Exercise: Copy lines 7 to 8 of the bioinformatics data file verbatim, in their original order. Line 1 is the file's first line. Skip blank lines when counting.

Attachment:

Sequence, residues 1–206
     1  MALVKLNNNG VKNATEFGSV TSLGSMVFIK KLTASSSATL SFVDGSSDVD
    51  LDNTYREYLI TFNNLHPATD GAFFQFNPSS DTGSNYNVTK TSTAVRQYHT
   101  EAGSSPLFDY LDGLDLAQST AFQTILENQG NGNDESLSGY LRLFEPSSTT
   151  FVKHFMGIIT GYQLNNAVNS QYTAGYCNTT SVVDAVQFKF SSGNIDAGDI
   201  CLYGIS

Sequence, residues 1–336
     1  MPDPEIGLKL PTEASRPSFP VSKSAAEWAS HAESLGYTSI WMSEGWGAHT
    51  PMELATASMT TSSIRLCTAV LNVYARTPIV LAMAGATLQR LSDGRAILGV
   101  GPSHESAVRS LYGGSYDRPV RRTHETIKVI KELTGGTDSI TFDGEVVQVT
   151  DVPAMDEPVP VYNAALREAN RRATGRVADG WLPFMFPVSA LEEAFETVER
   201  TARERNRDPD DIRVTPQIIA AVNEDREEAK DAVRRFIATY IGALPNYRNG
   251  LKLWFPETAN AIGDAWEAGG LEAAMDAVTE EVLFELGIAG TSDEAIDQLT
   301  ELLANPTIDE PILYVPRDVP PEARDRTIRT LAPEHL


Sequence, residues 1–336
     1  MPDPEIGLKL PTEASRPSFP VSKSAAEWAS HAESLGYTSI WMSEGWGAHT